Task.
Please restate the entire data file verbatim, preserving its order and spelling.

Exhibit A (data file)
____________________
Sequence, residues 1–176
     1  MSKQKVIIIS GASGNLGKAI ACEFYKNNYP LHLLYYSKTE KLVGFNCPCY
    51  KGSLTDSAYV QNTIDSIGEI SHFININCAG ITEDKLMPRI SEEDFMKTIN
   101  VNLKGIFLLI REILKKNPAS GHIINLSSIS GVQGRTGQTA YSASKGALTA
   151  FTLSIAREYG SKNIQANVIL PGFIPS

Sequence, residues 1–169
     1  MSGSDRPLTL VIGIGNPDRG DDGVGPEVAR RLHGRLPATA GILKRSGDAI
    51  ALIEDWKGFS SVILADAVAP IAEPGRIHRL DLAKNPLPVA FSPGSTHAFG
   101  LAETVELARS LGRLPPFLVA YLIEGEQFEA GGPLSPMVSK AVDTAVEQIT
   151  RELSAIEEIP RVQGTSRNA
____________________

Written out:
Sequence, residues 1–176
     1  MSKQKVIIIS GASGNLGKAI ACEFYKNNYP LHLLYYSKTE KLVGFNCPCY
    51  KGSLTDSAYV QNTIDSIGEI SHFININCAG ITEDKLMPRI SEEDFMKTIN
   101  VNLKGIFLLI REILKKNPAS GHIINLSSIS GVQGRTGQTA YSASKGALTA
   151  FTLSIAREYG SKNIQANVIL PGFIPS

Sequence, residues 1–169
     1  MSGSDRPLTL VIGIGNPDRG DDGVGPEVAR RLHGRLPATA GILKRSGDAI
    51  ALIEDWKGFS SVILADAVAP IAEPGRIHRL DLAKNPLPVA FSPGSTHAFG
   101  LAETVELARS LGRLPPFLVA YLIEGEQFEA GGPLSPMVSK AVDTAVEQIT
   151  RELSAIEEIP RVQGTSRNA